26/30 Book Review: Eat and Run


Eat and Run: My Unlikely Journey to Ultramarathon Greatness
Scott Jurek with Steve Friedman
Nonfiction/Running

Summary

For nearly two decades, Scott Jurek has been a dominant force—and darling—in the grueling and growing sport of ultrarunning. Until recently he held the American 24-hour record and he was one of the elite runners profiled in the runaway bestseller Born to Run.

In Eat and Run, Jurek opens up about his life and career as a champion athlete with a plant-based diet and inspires runners at every level. From his Midwestern childhood hunting, fishing, and cooking for his meat-and-potatoes family to his slow transition to ultrarunning and veganism, Scott’s story shows the power of an iron will and blows apart the stereotypes of what athletes should eat to fuel optimal performance. Full of stories of competition as well as science and practical advice—including his own recipes—Eat and Run will motivate readers and expand their food horizons.

Ultrarunning Education

2017 is my year of intense ultrarunning education. I’ve become suddenly obsessed with this sport, and I have a lot to catch up on. I was introduced to the ultrarunning community through YouTube, so I knew about today’s top competitive runners before I learned about some of the greats like Scott Jurek and Dean Karnazes. But I’m catching up!

I enjoyed Jurek’s back and forth narrative of discovering running, finding his rhythm, and competing at top levels. When you see elite ultrarunners, it can be difficult to imagine the journey they’ve taken, from their first run to record-breaking feats. This book is a good reality check, an examination of the gradual improvement that leads to such astonishing performances.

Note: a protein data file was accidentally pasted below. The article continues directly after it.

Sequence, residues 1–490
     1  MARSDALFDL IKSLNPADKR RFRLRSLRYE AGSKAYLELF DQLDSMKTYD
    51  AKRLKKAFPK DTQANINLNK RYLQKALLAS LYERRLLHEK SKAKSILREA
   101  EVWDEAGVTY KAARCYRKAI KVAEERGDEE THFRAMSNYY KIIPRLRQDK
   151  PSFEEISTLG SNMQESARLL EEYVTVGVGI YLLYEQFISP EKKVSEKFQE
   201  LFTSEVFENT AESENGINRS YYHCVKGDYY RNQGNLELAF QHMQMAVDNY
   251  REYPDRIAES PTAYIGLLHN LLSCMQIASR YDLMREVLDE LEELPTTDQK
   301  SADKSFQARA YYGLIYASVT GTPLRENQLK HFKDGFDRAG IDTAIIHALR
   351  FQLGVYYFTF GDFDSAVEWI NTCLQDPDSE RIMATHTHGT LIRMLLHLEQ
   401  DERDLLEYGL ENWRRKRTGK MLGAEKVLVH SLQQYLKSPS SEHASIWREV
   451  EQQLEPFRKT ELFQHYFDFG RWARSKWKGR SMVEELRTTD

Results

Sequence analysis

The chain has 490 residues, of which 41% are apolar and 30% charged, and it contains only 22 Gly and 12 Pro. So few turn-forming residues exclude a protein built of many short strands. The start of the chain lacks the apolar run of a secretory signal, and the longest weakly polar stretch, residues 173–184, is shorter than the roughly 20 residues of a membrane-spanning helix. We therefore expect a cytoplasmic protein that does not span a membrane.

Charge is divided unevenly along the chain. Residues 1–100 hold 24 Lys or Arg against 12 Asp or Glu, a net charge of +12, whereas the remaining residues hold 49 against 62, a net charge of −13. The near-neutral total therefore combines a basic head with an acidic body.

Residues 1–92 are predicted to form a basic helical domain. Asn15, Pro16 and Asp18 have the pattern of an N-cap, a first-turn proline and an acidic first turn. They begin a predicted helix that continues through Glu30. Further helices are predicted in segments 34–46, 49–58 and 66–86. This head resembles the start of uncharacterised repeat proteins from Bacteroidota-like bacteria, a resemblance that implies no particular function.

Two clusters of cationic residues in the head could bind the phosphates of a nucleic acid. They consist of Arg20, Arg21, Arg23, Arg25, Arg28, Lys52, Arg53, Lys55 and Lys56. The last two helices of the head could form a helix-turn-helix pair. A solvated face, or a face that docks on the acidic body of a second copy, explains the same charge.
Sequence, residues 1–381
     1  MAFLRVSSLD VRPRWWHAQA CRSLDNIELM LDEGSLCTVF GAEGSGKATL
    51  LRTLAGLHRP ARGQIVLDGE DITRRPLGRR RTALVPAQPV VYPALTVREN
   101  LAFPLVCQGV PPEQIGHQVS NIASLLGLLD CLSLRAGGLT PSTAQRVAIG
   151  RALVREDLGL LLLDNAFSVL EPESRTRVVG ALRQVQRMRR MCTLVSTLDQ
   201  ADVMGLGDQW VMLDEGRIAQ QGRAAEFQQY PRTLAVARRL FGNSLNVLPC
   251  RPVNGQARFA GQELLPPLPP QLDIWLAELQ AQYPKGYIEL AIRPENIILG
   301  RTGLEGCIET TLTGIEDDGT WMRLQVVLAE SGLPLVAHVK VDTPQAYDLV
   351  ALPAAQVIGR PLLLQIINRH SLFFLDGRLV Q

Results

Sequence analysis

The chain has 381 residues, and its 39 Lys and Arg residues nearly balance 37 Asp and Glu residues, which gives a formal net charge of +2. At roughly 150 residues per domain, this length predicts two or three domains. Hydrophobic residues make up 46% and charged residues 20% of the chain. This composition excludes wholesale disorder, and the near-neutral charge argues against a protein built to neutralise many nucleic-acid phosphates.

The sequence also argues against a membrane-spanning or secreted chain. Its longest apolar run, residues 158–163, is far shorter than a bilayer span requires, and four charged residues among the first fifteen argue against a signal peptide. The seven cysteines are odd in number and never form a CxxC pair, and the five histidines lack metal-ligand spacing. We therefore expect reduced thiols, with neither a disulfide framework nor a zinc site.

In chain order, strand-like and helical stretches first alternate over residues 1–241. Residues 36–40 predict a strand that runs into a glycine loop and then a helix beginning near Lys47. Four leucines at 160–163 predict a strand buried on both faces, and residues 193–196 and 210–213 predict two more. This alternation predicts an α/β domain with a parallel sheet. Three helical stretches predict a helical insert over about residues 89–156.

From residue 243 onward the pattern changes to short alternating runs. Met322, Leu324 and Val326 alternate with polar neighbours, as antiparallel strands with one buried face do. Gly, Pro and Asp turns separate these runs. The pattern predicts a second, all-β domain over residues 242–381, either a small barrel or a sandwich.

Jurek talks a lot about his nutrition, especially his transition from meat and potatoes to full veganism. Perhaps that transition is a revelation for some runners, but I think many of today’s runners will be more familiar with the benefits of healthier options. That may be a reflection of the changes Jurek and others introduced, combined with general societal awareness.

Conclusion

Great read if you’re a runner or you love stories about sports psychology. Ultrarunning is a uniquely challenging mental endeavor.

Advertisements

2 thoughts on “26/30 Book Review: Eat and Run

Leave a Reply

Fill in your details below or click an icon to log in:

WordPress.com Logo

You are commenting using your WordPress.com account. Log Out / Change )

Twitter picture

You are commenting using your Twitter account. Log Out / Change )

Facebook photo

You are commenting using your Facebook account. Log Out / Change )

Google+ photo

You are commenting using your Google+ account. Log Out / Change )

Connecting to %s